Clogged in Cleveland

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During a typically dismal winter in Cleveland, a deep sewer was in need of a hardy cleaning. However, because of the pipe’s size and the extent it was clogged, your usual hydraulic jetting system wouldn’t work.
The 12-ft diameter brick sewer line, buried 65 ft deep along Lakeside Avenue on the north end of the city’s downtown, had not been cleaned since it was installed more than 100 years ago. The sewer was packed full of material an average of 4 ft deep. The muck was so thick that hydraulic jetters were rendered virtually useless, according to J.T. Diamond, who was project manager for Inland Waters Pollution Control at the time of the project, which spanned from January 2004 to June 2005.

Instead of using Inland Waters’ large fleet of jetter trucks, the company entered a joint venture with Nezat Training and Consulting, which provided a technology called the Jigawon Large Bore Sewer and Syphon Cleaning System, says Rusty Nezat, director of Nezat Training and Consulting and operations manager for Jigawon.

The Jigawon sewer cleaning system uses the existing flow of a sewer to remove blockages and doesn’t require bypass pumping. The system restricts the existing flow inside the line and creates turbulence within the pipe, suspending the material causing the blockage and moving it downstream. The system uses low-pressure water at high volumes in order to achieve material suspension during the process. Whereas high-pressure pumping systems use 2,000 psi at 300 gpm, The Jigawon uses 15 psi at 2,000 gpm.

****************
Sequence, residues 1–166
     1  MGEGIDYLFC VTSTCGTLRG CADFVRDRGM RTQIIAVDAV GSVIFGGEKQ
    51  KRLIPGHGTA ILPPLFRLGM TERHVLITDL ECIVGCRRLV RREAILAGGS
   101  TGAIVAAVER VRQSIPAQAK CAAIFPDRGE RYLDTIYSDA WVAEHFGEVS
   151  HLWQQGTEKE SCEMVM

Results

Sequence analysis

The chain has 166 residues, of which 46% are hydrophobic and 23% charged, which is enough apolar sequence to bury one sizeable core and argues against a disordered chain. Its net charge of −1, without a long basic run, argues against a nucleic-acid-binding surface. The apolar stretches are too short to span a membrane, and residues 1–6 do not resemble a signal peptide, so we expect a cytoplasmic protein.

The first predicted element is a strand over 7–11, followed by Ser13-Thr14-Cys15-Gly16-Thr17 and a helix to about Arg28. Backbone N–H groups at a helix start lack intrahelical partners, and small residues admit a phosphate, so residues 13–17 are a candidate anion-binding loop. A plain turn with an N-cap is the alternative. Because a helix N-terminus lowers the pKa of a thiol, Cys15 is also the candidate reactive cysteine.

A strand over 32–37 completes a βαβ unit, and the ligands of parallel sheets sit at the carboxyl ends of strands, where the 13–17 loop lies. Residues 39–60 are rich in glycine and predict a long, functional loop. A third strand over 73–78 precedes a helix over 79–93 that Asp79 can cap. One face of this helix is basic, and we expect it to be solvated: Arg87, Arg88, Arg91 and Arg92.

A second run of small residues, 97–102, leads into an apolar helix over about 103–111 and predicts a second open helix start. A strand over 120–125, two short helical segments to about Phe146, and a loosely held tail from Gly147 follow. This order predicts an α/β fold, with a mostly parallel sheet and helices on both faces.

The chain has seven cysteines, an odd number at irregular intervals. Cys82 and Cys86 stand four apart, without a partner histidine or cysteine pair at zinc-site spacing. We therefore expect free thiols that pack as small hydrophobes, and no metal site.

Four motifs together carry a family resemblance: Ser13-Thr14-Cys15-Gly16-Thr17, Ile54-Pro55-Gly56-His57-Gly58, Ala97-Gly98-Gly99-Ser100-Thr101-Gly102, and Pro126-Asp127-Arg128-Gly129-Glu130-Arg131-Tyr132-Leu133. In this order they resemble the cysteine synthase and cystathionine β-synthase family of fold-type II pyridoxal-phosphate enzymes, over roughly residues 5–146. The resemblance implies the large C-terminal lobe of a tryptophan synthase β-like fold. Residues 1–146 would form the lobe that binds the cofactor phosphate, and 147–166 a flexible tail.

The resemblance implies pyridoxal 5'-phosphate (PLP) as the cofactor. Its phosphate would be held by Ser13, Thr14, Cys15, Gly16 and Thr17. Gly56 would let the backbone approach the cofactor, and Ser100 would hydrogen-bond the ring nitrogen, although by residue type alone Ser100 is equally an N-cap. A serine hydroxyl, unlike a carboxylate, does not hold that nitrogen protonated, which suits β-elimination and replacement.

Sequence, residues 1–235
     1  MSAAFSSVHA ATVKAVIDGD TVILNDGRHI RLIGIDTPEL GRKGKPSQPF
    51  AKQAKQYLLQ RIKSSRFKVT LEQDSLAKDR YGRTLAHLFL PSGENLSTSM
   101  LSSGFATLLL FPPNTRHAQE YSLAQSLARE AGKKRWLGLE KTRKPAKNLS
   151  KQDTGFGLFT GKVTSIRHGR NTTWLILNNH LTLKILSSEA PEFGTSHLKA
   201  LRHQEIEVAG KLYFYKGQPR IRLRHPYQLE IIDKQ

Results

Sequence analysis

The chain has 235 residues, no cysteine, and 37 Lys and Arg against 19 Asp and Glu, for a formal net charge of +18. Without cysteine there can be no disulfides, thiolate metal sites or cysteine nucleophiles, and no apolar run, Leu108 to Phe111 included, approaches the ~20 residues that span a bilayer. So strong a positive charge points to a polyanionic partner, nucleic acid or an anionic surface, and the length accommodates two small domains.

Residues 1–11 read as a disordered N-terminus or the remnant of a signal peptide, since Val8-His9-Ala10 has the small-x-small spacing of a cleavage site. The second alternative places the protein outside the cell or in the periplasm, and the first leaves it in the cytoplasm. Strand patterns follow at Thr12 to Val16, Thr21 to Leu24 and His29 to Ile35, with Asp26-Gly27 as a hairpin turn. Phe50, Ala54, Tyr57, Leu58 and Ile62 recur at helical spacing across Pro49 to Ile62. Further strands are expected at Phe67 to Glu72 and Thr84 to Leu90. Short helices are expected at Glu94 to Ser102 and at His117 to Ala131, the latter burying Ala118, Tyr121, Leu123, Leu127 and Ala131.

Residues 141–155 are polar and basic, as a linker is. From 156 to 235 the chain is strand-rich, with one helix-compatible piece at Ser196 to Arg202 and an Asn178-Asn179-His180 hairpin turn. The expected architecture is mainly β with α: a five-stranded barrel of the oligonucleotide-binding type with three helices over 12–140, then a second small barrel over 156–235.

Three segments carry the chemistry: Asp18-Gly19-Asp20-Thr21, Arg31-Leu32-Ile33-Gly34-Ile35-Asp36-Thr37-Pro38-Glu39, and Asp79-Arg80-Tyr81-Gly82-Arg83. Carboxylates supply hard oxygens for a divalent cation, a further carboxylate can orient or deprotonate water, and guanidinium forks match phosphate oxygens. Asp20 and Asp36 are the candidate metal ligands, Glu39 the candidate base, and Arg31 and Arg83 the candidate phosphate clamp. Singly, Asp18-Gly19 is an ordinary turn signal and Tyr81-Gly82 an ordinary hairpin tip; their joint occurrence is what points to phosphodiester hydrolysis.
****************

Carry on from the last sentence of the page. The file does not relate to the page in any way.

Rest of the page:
The debris is removed from a selected downstream manhole and the fluid and solid waste is moved into watertight containers. The fluid waste is then drained from the container and deposited back into the downstream sewer line, while the solid waste is captured and dumped at a site suitable for sewer grit and debris.

There are two types of Jigawon — Jigawon I and Jigawon II — which operate in the same fashion, but Jigawon I is for pipe diameters from 8 to 60 in. The Jigawon II is for diameters of 60 in. and larger.
This particular sewer cleaning project emerged as part of a larger project by Marra/Majestic to tie in additional lines into the interceptor, but the workers were having great difficulty walking through the deep debris, Nezat says. They were sinking and becoming stuck, which created an unsafe condition. The Northeast Ohio Regional Sewer District then realized how much pipeline capacity was being lost and added the cleaning project to the docket.

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Prior to Jigawon being contacted on the Cleveland project, Nezat says, four other contractors attempted to clean this pipe using large jetting systems.

“They all failed due to the high-pressure jetting system’s inability to move the large amounts of standing water in the pipe,” he says. “In order to suspend material you must have flow and turbulence. The jetter could produce turbulence in the pipe but did not have the necessary power to cause the water within the pipe to move with the turbulence. The result was piles of debris accumulating throughout the pipe.”